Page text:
Eastern Hora follows Harmonica Galitzianer (2002), Spicy Paprikash (2004) and Fenci’s Blues (2006). Between Eastern Hora and Fenci’s Blues, Rosenblatt was working with a group called D’Harmo, “and I came out with an album with them, I was working quite a bit with them. I was doing another project, called Jump Babylon, which is a Jewish rock project. It’s difficult, we are self-managed, in other words, I manage everything…. So, to try to do projects simultaneously, especially recording projects, it’s difficult, so that’s the reason for that gap in recordings for Shtreiml because I was doing other things in between [including his continuing role as artistic director of the six-year-old annual Montreal Jewish Music Festival, which will take place in August]. But that doesn’t mean that the band was on hiatus. We were still performing and, since the new record came out, I’ve been putting a lot of emphasis on trying to book the group because it’s fun and we get along, it’s fun to tour together. I think also that the playing of the group matured quite a bit between 2006 and 2014, and I think audiences see that the compositions are little more complex and I think our stage presence is better.”
Shtreiml and Fencioglu will be doing four gigs in British Columbia. He and Lemisch are bringing the whole mishpocha with them: four kids, 7, 5, 3 and seven months. “I’m looking forward to coming to Vancouver, it’s our second time. We were there last year for a wedding…. We have what we call functional music and then we have original music, and so we’re excited to be playing our artistic project for what I know is going to be an appreciative audience because whenever we go to folk festivals, it’s always people are there because they want to hear music.”
Shtreiml and Ismail Fencioglu will be at the Vancouver Folk Music Festival July 17-19, Congregation Emanu-El in Victoria July 15, Vancouver Island Musicfest in Comox July 10-12 and Fulford Hall on Salt Spring Island July 9.
Germany’s Daniel Kahn and the Painted Bird play at the Electric Owl on March 6 as part of the Chutzpah! festival. (photo from Daniel Kahn and the Painted Bird via Chutzpah!)
Daniel Kahn and the Painted Bird live up to the hype. They are indeed “helping klezmer reach a new renaissance, seasoning it with folk, punk and deep-digging lyrics, full of sarcasm and wicked self-irony.” They most certainly belong “to this caste of Yiddish music agitators” and their music is “[a]n absolute must for lovers of unusual, intelligent, challenging, exciting folk music and a blast at every instant.” They are “forward-marching and backward-glancing,” making “truly great art.”
And that’s not the half of it. On their website (paintedbird.de), you can read more about what reviewers have said, you can download the lyrics to all their songs, you can watch several videos – and you can get an excellent idea of what to expect when they perform at the Electric Owl on March 6 as part of this year’s Chutzpah! festival. Kahn spoke with the Jewish Independent ahead of that one-night only show.
JI: Could you share a bit about your background – how you came to be a musician, how and when you came to live in Berlin, for example?
DK: I’ve been a musician all my life but I first started working professionally as a singer-songwriter in Detroit, and then in New Orleans in 2001.
I was a part of founding the Earthwork music collective in Michigan, which has grown to a large community of artists and activists. I produced four albums of my songs with them. I first really invested in klezmer music and Yiddish after attending Klez Kanada, in Quebec, for the first time in 2004. It was there that I met Alan Bern, who was my accordion teacher. He had been living in Berlin for many years and he offered me his apartment to sublet. I was already quite interested in German theatre, particularly Brecht, and I wanted to live in Europe, so it fit.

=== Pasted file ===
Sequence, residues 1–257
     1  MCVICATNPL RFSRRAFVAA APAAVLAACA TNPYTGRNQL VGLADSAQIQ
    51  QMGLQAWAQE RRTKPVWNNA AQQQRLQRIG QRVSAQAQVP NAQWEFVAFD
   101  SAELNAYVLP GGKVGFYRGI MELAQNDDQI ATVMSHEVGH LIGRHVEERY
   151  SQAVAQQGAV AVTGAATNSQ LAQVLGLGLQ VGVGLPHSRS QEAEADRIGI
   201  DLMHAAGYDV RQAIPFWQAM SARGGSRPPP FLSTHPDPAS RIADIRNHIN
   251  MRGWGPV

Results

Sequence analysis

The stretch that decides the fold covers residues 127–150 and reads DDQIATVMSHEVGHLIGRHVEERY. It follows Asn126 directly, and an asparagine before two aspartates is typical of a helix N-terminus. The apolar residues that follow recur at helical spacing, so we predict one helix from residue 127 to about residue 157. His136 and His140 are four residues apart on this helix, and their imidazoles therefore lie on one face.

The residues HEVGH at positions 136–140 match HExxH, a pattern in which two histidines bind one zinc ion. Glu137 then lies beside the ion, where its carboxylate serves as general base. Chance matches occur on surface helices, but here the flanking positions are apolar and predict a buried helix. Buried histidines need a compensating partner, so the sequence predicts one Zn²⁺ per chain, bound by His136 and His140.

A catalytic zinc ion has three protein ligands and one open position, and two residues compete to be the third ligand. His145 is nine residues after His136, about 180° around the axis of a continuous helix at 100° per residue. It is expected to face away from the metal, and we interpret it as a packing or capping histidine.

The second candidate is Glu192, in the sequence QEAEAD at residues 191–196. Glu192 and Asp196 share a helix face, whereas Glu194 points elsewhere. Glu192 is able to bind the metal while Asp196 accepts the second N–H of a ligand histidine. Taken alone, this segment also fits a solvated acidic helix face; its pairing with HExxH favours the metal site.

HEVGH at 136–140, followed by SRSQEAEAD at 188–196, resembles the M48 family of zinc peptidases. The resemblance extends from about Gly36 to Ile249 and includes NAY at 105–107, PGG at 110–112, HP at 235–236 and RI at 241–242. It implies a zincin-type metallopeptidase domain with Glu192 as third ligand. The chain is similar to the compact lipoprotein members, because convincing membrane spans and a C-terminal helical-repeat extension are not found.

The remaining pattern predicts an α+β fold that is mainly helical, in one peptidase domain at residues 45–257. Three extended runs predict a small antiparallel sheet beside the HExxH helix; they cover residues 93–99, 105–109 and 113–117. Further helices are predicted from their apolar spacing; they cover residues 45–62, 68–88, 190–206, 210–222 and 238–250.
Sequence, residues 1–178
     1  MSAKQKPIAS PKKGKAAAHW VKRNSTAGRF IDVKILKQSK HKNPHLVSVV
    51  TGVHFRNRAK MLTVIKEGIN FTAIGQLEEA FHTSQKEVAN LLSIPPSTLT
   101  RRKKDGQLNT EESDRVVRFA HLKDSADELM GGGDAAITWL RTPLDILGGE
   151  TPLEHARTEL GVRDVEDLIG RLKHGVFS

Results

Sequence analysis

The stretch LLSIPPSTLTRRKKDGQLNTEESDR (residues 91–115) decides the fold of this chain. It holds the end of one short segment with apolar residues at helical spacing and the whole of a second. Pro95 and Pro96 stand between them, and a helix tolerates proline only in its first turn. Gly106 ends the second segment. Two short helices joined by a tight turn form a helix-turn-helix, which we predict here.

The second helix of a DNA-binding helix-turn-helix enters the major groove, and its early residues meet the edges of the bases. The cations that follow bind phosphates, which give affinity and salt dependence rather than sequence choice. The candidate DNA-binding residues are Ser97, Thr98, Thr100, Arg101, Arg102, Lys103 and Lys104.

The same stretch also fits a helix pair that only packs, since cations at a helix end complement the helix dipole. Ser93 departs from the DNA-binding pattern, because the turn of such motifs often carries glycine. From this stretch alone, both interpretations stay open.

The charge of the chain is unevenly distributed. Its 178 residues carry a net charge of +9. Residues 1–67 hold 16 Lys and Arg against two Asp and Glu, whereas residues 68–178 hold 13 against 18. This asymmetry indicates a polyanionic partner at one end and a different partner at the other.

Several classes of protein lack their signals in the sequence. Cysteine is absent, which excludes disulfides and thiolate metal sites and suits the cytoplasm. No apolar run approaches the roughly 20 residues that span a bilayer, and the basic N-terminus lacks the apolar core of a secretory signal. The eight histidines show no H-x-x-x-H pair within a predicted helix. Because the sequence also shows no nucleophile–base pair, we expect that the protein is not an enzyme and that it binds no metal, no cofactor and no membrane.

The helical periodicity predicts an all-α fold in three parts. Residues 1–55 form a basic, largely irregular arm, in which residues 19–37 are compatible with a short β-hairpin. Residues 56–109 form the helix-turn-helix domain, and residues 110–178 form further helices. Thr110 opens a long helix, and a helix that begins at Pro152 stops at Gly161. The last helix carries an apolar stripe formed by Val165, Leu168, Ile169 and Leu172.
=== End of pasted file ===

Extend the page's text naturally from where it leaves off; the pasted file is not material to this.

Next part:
After going to the Jewish festivals and workshops that summer in Krakow and Weimar, I had the idea to start the band the Painted Bird. And it was around then that I really started learning not only German, but Yiddish and incorporating translations into my songs, and performing in many languages at once. The band has had many members but the heart of it for all these years has always been Michael Tuttle, whom I met in New Orleans, playing bass, and Hampus Melin, a drummer from Sweden, whom we met in Berlin. We wanted to create a band that would be able to take traditional songs, folk songs, in different languages and infuse them with a modern sensibility that we take from the other music we dig – punk, jazz, new music. And Berlin is the perfect city for this band. It’s a real cosmopolis.
JI: You’ve studied drama and your bio notes that you’ve been a professional actor since age 12. How does acting fit in with your music career?
DK: From a performance perspective, I’ve never made too much of a distinction between ways of being on a stage. Songs and plays are simply different modes of collaborative or solo storytelling. As a musician, I get to employ many of the techniques I need to write, direct or act in the theatre. And I’ve never really quit making theatre. I’ve done many productions over the years, in the States, as well as in Germany. I’ve been involved as a composer or arranger of music and songs for various productions, and I’ve been acting and directing again, as well.
I’m currently very involved in Berlin at the Maxim Gorki theatre, a wonderful space for progressive work these days. The new artistic director, the Turkish-born German Shermin Langhoff, is an inspiring, powerful voice for diversity and political engagement in drama. I’ve been a kind of “house-poet” for the theatre, working on several productions as composer, actor, musician, etc. I’m about to direct a small play in their studio theatre space, an adaptation of Romain Gary’s The Dance of Genghis Cohn. It’s become an important family for me, and has also connected to the international klezmer family, as well. I curate a concert series there, focusing heavily on new Jewish music.